Delicious Goat milk yogurt with strawberries, blueberries and a drizzle of maple syrup. My favorite summer breakfast. Yum!

Ingredients and Equipment for Two Quarts of Yogurt:

2 quarts of raw goat milk (or raw or pasteurized cow milk)
2 tablespoons high-quality yogurt or two frozen cubes of yogurt in a glass measuring cup or jar
2-quart saucepan
thermometer (optional)
Yogotherm or small cooler with 2 mason jars and lids

1. Heat milk to 180. Remove from heat and let cool to 115.
2. When milk has cooled, pour a little milk into the jar containing the starter yogurt and stir well.
3. Add the starter back to the cooled milk, stir well and immediately pour into the yogotherm container or into two-quart mason jars. Seal.
4. Put the yogotherm contain into the insulator and let sit for 8 hours. If using a cooler, put the jars in the cooler and fill with warm (not boiling hot) water to insulate the jars. Let sit for 8 hours. Then refrigerate. The yogurt will continue to solidify slightly overnight.

DETAILS:

Starter Culture
You can purchase a starter culture. That works great. Bulgarian yogurt is my favorite starter, producing the thickest yogurt. However, it gets expensive, so I just purchase plain whole milk yogurt and freeze it in an ice cube tray and use one yogurt cube per quart of milk as a starter. I don’t bother defrosting the frozen yogurt before using. When the milk has cooled to about 120, I pour some milk over the cube to melt it. My favorite store bought starter yogurt is Dannon. I’ve tried all the organic, greek and Bulgarian yogurts as starters over the years, but here in Albuquerque, Dannon has proved to be the most lively starter. When I lived in New York, I would use Seven Stars Farm or Hawthorne Valley yogurt as a starter. Don’t use low/non-fat or flavored yogurts. There must be live cultures in the yogurt. Old yogurt with not so lively cultures will not produce good yogurt. It will make yogurt, but the flavor may be very tart or runny.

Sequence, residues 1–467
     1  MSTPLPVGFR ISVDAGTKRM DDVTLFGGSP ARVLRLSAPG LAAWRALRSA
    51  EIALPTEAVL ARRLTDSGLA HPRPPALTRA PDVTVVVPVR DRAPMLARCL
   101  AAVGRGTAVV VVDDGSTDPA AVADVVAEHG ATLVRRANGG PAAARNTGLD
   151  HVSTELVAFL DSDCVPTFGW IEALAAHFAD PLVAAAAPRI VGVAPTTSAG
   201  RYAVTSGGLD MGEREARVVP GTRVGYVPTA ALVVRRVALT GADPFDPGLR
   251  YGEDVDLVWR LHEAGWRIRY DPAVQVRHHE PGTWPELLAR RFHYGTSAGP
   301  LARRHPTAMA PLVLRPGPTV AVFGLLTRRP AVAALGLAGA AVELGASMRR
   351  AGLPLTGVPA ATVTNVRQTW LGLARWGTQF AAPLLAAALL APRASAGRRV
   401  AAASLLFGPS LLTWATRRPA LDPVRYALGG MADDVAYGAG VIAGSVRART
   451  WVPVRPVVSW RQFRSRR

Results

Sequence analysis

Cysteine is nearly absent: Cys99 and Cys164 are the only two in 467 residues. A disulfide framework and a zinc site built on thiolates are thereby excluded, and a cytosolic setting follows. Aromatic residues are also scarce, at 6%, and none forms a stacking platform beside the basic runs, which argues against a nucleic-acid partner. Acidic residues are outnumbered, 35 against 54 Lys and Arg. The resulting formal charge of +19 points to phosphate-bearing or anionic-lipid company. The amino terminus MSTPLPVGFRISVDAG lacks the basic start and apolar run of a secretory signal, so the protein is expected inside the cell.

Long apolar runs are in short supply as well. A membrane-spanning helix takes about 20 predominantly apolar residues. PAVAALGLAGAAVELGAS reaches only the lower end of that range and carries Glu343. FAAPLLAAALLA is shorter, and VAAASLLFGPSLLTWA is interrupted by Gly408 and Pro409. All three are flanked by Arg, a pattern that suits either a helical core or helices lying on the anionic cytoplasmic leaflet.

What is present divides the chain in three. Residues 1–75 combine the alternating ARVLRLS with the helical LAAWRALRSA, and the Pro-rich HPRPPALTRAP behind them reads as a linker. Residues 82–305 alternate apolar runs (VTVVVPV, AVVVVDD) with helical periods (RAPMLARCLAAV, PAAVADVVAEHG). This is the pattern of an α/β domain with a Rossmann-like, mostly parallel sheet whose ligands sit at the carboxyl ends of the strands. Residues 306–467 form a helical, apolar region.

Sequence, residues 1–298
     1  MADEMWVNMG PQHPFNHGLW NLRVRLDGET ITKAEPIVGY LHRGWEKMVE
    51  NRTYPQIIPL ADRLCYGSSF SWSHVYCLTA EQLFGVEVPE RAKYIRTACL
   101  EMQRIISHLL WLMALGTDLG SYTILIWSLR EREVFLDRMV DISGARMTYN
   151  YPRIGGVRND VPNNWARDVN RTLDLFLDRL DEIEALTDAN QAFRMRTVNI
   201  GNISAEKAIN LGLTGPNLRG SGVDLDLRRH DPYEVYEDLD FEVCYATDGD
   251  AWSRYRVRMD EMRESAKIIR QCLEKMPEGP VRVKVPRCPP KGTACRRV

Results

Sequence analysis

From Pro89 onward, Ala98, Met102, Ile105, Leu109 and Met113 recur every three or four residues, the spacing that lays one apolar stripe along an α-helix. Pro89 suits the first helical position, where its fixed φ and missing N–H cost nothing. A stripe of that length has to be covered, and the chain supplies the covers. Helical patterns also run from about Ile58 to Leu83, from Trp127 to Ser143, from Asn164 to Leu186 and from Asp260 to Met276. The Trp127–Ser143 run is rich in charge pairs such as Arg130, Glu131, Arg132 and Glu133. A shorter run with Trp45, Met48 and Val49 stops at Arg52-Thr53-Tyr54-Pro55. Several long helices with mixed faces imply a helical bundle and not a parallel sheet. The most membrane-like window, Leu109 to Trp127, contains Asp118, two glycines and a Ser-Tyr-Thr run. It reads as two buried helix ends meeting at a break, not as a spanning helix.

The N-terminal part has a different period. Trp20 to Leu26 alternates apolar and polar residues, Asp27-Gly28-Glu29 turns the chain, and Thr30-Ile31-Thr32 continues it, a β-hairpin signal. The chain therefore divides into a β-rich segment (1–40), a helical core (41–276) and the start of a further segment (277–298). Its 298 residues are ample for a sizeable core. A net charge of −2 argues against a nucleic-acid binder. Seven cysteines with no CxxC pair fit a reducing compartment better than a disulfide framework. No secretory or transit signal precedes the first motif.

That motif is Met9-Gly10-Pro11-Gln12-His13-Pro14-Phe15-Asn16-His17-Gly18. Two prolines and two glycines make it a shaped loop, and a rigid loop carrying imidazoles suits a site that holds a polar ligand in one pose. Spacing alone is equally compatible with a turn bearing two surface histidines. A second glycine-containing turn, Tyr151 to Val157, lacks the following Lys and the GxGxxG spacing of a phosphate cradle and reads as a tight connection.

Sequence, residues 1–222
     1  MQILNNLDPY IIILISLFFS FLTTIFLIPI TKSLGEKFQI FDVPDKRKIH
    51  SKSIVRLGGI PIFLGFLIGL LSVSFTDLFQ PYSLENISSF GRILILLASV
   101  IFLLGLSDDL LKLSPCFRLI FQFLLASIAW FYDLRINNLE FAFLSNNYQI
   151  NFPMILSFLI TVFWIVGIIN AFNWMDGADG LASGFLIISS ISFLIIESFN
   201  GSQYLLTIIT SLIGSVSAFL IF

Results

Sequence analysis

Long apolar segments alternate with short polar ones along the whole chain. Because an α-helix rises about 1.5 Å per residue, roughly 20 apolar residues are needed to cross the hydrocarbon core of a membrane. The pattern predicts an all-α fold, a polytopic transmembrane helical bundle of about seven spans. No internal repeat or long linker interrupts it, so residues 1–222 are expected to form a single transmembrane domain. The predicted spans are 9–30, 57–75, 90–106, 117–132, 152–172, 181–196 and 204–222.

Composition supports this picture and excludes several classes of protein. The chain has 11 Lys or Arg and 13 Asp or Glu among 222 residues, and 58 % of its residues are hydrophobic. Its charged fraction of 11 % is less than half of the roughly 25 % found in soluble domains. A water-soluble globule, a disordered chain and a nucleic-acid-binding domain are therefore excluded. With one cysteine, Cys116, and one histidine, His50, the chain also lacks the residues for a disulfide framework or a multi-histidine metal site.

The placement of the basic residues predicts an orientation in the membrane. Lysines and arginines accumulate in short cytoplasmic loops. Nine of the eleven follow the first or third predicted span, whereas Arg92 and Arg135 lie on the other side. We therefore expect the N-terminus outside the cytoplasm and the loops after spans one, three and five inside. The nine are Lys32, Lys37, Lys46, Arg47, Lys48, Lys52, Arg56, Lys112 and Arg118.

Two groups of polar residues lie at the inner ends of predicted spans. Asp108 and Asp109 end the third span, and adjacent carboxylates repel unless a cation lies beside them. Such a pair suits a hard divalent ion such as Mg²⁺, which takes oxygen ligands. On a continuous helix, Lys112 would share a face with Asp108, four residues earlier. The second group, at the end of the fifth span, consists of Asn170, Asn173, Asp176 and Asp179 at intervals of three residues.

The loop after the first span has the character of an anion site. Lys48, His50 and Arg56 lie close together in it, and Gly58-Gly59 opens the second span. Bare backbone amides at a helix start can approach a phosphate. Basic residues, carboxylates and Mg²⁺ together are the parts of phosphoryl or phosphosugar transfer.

Incubation/Insulation

You need to keep your yogurt at a steady warm temperature (not over 115 degrees). Some people do this with towels and pilot lights. That’s too much for me. For a long time, I used a small Igloo cooler, pre-heating it with hot water, but I recently purchased a Yogotherm non-electric yogurt “maker,” and I love it. It just makes the process so much easier for me. My yogurt is much more consistent, and I’m more inclined to make it regularly with the Yogotherm. They cost around $30. And since I go through a few quarts of yogurt a week, it’s already more than paid for itself.